Marathon Classic Offers Two Exemptions From 2016 NCAA Women’s Golf Championships: The individual champion from the 2016 NCAA Women’s Golf Championships and a representative from the team national champions once again will receive exemptions to compete in the 2016 Marathon Classic presented by Owens Corning and O-I taking place in July.

Semifinal Teams in Match Play to Receive Invitations to Compete in East Lake Cup: The East Lake Cup, taking place in late October at historic East Lake Golf Club and featuring the top-performing teams from the NCAA Men’s and Women’s Golf Championships, will expand to a new three-day format for 2016. Invitations for the field will be extended to the semifinalists of the team match-play tournaments at both the 2016 NCAA Men’s and Women’s Golf Championships. Modeled after the NCAA Golf Championships, the new format for the East Lake Cup will consist of an opening round of stroke play to crown an individual male and female champion and determine seeding for the following two days of match play competition. Golf Channel will air live coverage of the East Lake Cup Monday-Wednesday, Oct. 31-Nov. 2.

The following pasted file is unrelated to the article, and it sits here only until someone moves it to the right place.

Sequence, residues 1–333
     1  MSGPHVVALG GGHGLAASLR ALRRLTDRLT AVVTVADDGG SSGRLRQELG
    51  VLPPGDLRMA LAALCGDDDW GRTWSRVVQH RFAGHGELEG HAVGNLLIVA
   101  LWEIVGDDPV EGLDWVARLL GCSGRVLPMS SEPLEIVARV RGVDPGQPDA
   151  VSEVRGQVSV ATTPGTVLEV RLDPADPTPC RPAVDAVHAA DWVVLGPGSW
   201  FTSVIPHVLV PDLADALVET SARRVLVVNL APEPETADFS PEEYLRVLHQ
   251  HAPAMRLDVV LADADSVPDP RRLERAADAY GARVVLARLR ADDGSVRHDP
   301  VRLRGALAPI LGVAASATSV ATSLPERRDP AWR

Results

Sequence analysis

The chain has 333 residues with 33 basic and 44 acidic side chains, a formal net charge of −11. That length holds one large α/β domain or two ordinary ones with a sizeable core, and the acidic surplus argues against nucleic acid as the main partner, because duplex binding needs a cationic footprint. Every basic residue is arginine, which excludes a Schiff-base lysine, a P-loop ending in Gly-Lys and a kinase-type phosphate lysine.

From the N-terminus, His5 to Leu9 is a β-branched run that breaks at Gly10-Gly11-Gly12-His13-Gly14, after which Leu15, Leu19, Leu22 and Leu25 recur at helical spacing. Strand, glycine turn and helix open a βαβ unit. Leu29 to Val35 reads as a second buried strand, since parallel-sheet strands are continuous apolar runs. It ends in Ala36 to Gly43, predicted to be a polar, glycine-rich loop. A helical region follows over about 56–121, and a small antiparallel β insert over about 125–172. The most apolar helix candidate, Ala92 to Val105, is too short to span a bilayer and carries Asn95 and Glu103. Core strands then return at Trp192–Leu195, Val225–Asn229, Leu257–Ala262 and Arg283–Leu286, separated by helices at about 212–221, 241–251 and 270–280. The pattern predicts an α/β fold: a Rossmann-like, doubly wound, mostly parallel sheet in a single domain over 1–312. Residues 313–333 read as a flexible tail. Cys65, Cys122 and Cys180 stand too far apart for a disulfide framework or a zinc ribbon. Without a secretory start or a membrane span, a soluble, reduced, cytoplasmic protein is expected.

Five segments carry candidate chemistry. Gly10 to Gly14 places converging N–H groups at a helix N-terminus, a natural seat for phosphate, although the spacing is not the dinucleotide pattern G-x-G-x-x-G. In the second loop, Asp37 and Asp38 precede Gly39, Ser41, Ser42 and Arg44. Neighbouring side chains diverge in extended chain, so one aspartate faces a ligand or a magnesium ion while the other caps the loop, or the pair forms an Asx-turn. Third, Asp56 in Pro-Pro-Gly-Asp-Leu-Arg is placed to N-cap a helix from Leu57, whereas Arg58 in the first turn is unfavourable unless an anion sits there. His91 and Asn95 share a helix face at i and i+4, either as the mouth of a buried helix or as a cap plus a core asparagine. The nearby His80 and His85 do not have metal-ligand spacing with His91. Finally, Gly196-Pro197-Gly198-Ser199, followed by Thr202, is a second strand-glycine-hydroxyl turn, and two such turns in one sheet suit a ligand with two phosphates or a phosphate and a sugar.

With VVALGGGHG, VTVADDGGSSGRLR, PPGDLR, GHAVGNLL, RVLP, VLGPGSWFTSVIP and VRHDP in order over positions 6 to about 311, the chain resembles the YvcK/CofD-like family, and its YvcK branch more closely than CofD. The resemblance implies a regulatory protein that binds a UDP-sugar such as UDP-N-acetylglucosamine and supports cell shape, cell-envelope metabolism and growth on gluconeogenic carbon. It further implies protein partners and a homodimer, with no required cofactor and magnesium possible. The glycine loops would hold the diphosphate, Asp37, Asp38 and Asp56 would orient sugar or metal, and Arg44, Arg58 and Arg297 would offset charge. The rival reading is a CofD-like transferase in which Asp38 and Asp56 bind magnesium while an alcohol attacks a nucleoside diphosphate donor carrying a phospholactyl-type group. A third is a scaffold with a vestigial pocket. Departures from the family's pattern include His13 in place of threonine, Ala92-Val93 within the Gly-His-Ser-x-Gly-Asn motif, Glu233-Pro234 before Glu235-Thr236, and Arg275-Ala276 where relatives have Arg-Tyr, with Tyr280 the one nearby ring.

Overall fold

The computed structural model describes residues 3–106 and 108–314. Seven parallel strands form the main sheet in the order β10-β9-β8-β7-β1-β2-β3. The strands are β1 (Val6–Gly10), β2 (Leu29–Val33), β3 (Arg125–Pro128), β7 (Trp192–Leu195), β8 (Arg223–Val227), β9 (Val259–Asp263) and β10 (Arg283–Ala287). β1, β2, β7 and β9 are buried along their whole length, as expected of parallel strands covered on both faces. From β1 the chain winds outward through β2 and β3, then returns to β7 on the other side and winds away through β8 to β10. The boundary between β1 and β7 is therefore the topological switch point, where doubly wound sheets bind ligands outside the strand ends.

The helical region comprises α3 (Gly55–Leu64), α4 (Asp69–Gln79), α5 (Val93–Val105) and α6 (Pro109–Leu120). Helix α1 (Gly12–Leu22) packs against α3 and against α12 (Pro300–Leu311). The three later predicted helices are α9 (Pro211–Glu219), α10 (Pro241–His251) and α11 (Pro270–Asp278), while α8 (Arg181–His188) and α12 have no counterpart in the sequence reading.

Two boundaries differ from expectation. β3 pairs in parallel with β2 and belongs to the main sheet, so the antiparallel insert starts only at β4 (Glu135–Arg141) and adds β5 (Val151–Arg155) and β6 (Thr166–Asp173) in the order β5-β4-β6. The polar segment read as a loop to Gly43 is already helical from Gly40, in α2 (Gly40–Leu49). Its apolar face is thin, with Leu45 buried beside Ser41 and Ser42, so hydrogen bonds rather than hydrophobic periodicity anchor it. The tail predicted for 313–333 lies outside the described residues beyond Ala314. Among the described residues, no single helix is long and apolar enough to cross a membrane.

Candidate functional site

Blumenherst and Castrale Join NCAA Broadcast Team: Newcomers to Golf Channel’s NCAA on-air team include Amanda Blumenherstone of the most decorated women’s collegiate athletes in history from Duke University and 2008 U.S. Women’s Amateur Champion – who will join Golf Channel as a news analyst for the women’s golf championships. Golf Channel analyst Nicole Castrale also will join the live tournaments team as a course reporter for the women’s golf championships.

Women’s Golf Championships On-Air Teams: Golf Channel’s on-air team for the NCAA Women’s Golf Championships will feature major champion Karen Stupples as lead analyst and Bob Papa as play-by-play host. Curt Byrum will serve as hole announcer, with Billy Ray Brown, Castrale and Kay Cockerill reporting from the course. Golf Channel’s college insider Steve Burkowski will join the broadcast booth as co-analyst. Lisa Cornwell will host Golf Central, joined by Paige Mackenzie, Blumenherst, Burkowski and Golf Channel Digital senior writer Ryan Lavner.

College Central – Golf Channel Digital Coverage: Golf Channel will provide comprehensive coverage via College Central,Golf Channel Digital’s home for college golf. Led by Jay Coffin, Lavner and Burkowski, College Central will be the source for all things college golf, including tournament results and scores, features and columns, video highlights and breaking news.